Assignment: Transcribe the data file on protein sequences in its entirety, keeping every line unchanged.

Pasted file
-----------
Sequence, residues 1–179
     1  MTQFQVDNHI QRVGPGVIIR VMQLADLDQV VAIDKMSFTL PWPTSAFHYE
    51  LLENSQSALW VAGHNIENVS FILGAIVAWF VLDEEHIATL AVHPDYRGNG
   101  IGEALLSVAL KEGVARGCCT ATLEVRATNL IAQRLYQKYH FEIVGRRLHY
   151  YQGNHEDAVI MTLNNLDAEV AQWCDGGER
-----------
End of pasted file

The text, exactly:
Sequence, residues 1–179
     1  MTQFQVDNHI QRVGPGVIIR VMQLADLDQV VAIDKMSFTL PWPTSAFHYE
    51  LLENSQSALW VAGHNIENVS FILGAIVAWF VLDEEHIATL AVHPDYRGNG
   101  IGEALLSVAL KEGVARGCCT ATLEVRATNL IAQRLYQKYH FEIVGRRLHY
   151  YQGNHEDAVI MTLNNLDAEV AQWCDGGER